# Is the weak topology on $\mathbb{R}^{\infty}$ the same as the box topology?

Let $$\mathbb{R}^{\infty}=\bigcup\limits_{n=1}^{\infty}\mathbb{R}^{n}$$ be the subset of $$\mathbb{R}^{\omega}$$ consisting of all sequences which are nonzero for only finitely many terms. Give $$\mathbb{R}^{\infty}$$ the weak topology, that is, $$A\subset \mathbb{R}^{\infty}$$ is open iff $$A\cap \mathbb{R}^{n}$$ is open in $$\mathbb{R}^{n}$$ for each $$n$$. Is $$\mathbb{R}^{\infty}$$ a subspace of $$\mathbb{R}^{\omega}$$ with the box topology?

The reason why I think this is true is because it looks like the box topology is the weak topology with respect to the natural inclusions $$\mathbb{R}^n\to\mathbb{R}^{\omega}$$ [Edit: I have doubts about this particular claim.]

• What have you tried? Have you attempted anything using the definitions, for example? This sounds a lot like you're asking for an answer to a homework or exam problem without showing any effort. Dec 24, 2020 at 23:32
• @Steve Kass Homework...on Christmas Eve... Dec 24, 2020 at 23:33
• @SihOASHoihd: Well, it’s not absolutely impossible: my linear algebra final my first semester in college back in 1965 was a take-home over Christmas break. :-) But I’ve no problem with the question: you did in fact offer some evidence of having thought about it. Dec 24, 2020 at 23:39

Yes, the weak topology and the box topology on $$\mathbb{R}^\infty$$ are the same. One direction is easy: it is clear that every basic open subset in the box topology has open intersection with each $$\mathbb{R}^n$$ and so is open in the weak topology.

The converse requires more work. Let me first remark that both topologies are translation-invariant: this is obvious for the box topology, and for the weak topology, it follows from the fact that any translate of $$\mathbb{R}^n$$ by an element of $$\mathbb{R}^\infty$$ is contained in $$\mathbb{R}^N$$ for some $$N$$. Now suppose $$U\subseteq\mathbb{R}^\infty$$ is an open neighborhood of a point $$p$$ in the weak topology; we may translate to assume $$p$$ is the origin. Then $$U\cap\mathbb{R}$$ contains some interval $$[-\epsilon_1,\epsilon_1]$$. Since $$[-\epsilon_1,\epsilon_1]$$ is compact, openness of $$U\cap\mathbb{R}^2$$ implies it actually contains a box $$[-\epsilon_1,\epsilon_1]\times[-\epsilon_2,\epsilon_2]$$ by the tube lemma. Continuing this process, we get a sequence $$(\epsilon_n)$$ of positive numbers such that $$U\cap\mathbb{R}^n$$ contains $$\prod_{i=1}^n[-\epsilon_i,\epsilon_i]$$ for each $$n$$. This implies that $$U$$ contains $$\prod_{i=1}^\infty(-\epsilon_i,\epsilon_i)\cap\mathbb{R}^\infty$$ and so is a neighborhood of the origin in the box topology as well.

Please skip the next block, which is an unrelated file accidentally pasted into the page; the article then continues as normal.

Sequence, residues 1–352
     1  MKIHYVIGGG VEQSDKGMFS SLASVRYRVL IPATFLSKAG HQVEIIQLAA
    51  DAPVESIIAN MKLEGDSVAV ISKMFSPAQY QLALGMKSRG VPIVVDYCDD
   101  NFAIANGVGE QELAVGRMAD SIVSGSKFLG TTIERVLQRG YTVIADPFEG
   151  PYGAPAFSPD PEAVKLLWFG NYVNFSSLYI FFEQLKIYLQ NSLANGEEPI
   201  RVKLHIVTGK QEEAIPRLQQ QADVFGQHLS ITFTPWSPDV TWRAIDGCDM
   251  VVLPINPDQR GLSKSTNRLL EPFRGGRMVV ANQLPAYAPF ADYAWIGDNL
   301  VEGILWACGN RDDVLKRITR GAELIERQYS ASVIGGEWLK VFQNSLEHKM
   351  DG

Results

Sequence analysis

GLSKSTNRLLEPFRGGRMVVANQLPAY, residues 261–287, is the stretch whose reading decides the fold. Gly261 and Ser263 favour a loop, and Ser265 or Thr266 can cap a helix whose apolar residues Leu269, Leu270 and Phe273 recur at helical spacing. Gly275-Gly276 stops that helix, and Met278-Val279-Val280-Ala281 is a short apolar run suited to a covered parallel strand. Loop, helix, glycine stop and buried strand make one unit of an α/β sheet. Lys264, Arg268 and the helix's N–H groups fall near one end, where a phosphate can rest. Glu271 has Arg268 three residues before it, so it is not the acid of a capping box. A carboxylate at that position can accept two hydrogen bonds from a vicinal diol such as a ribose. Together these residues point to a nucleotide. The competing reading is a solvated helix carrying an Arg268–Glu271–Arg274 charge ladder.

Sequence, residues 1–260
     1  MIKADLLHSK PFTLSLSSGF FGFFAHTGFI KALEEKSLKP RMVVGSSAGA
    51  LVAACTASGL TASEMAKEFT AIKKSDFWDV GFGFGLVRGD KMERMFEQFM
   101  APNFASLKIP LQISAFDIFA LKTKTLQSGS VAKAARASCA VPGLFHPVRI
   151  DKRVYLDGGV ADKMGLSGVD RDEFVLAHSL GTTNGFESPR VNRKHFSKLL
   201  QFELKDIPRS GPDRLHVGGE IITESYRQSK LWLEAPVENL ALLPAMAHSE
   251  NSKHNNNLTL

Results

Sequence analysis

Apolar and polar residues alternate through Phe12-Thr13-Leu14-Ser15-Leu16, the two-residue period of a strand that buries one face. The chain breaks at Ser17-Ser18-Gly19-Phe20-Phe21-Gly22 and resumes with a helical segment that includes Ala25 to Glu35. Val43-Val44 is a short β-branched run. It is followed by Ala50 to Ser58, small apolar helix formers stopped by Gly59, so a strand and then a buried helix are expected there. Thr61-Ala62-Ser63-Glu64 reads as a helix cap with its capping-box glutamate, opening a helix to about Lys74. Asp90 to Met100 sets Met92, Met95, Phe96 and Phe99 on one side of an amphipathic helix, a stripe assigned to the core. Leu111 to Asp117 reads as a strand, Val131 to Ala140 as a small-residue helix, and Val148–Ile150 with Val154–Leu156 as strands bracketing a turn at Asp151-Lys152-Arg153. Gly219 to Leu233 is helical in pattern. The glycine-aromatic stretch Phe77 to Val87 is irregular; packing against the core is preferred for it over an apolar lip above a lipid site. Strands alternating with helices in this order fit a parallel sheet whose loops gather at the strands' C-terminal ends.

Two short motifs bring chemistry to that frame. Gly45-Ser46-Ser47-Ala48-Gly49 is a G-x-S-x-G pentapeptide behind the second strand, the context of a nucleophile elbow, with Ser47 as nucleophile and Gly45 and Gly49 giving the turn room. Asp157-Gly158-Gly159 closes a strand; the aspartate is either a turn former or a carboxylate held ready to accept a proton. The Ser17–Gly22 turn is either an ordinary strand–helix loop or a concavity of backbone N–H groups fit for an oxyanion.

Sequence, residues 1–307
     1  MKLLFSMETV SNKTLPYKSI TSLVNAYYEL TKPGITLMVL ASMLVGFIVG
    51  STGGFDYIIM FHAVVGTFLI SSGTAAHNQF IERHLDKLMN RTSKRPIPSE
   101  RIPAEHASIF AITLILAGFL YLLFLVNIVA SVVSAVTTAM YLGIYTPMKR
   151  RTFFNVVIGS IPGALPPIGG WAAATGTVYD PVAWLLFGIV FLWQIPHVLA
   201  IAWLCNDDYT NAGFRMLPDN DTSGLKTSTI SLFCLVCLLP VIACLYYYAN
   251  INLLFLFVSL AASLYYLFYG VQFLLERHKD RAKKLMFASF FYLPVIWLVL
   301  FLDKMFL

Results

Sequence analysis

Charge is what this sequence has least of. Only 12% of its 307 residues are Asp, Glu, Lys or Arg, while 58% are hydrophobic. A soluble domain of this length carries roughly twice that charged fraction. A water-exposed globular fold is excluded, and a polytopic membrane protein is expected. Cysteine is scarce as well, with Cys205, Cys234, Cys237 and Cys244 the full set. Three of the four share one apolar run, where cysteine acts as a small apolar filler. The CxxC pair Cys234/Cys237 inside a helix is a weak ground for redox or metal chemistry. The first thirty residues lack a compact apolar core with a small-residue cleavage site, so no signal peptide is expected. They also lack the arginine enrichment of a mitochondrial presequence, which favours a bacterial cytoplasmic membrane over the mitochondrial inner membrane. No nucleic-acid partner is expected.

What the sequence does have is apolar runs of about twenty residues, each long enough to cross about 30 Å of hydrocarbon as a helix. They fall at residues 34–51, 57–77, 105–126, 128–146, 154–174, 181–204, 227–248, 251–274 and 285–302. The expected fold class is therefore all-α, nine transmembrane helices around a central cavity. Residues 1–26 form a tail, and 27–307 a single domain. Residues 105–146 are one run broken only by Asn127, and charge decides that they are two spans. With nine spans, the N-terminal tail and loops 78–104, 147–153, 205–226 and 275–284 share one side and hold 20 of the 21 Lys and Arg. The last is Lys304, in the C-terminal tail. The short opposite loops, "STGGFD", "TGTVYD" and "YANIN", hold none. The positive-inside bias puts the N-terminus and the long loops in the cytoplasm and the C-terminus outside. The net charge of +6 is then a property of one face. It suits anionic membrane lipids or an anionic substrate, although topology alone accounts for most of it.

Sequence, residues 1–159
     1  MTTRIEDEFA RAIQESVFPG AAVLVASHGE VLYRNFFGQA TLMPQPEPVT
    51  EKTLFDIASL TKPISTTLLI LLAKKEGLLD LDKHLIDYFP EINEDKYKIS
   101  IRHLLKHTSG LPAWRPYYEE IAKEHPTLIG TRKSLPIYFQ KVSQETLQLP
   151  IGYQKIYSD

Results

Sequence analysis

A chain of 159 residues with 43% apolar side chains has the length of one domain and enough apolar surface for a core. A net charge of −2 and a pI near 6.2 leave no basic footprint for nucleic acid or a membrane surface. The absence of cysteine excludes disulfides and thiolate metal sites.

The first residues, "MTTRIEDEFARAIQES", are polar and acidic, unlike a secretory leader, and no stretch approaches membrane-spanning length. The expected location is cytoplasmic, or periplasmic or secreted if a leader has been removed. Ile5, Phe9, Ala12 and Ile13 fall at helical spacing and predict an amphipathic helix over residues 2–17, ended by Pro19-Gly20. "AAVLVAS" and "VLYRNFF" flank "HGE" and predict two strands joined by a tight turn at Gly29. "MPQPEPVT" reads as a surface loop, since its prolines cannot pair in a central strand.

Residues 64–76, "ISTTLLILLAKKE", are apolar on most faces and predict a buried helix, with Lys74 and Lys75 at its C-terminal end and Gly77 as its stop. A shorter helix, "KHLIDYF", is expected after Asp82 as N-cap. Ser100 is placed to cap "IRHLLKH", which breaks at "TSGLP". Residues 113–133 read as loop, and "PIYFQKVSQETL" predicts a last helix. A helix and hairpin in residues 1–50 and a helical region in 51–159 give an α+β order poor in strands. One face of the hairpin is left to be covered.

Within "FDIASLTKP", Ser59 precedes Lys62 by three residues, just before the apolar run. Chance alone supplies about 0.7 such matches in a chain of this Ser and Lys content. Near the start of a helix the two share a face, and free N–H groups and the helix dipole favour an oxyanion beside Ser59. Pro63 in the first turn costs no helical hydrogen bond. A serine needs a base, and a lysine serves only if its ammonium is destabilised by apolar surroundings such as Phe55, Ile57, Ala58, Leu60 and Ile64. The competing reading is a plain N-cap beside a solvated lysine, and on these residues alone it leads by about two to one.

(Alternatively, instead of using a translation to assume $$p$$ is the origin, we could have started by picking $$n$$ such that $$p\in\mathbb{R}^n$$ and taking a compact neighborhood $$K$$ of $$p$$ in $$\mathbb{R}^n$$ contained in $$U\cap\mathbb{R}^n$$, and then found a set of the form $$K\times\prod[-\epsilon_i,\epsilon_i]$$ contained in $$U$$.)

More generally, a similar argument shows that given a sequence of locally compact pointed spaces $$(X_n)$$, the box topology on the "direct sum" $$\bigoplus X_n$$ (i.e. the subset of the product $$\prod X_n$$ consisting of points which are the basepoint on all but finitely many coordinates) is the same as the colimit topology considering $$\bigoplus X_n$$ as the colimit of the finite products.

• To apply the tube lemma the way you do, don't you need to know that $U\cap ([-\epsilon_{1},\epsilon_{1}] \times \mathbb{R})$ contains a slice of the form $\{x_{0}\}\times [-N,N]$? Dec 25, 2020 at 1:22
• By our choice of $\epsilon_1$, we know that $U\cap\mathbb{R}^2$ contains $[-\epsilon_1,\epsilon_1]\times\{0\}$. So, it must contain $[-\epsilon_1,\epsilon_1]\times[\epsilon_2,-\epsilon_2]$ for some $\epsilon_2>0$. Dec 25, 2020 at 1:41
• @EricWofsey I do not quite understand how $[-\varepsilon_1, \varepsilon_1]\subseteq U\cap \mathbb{R}$ implies that $[-\varepsilon_1, \varepsilon_1]\times \{0\} \subseteq U\cap \mathbb{R}^2.$ Wouldn't you need to make $\varepsilon_1$ potentially smaller? Dec 25, 2020 at 1:53
• @SeverinSchraven: That is true by definition (though we are abusing notation here so your misunderstanding is understandable). Here $\mathbb{R}^n$ really refers to the subset $\mathbb{R}^n\times\{(0,0,0,\dots)\}$ of $\mathbb{R}^\infty$. So $\mathbb{R}$ is identified with the subset $\mathbb{R}\times\{0\}$ of $\mathbb{R}^2$. Dec 25, 2020 at 1:56
• Ahh, sorry, I was thinking about projections the whole time. Dec 25, 2020 at 2:00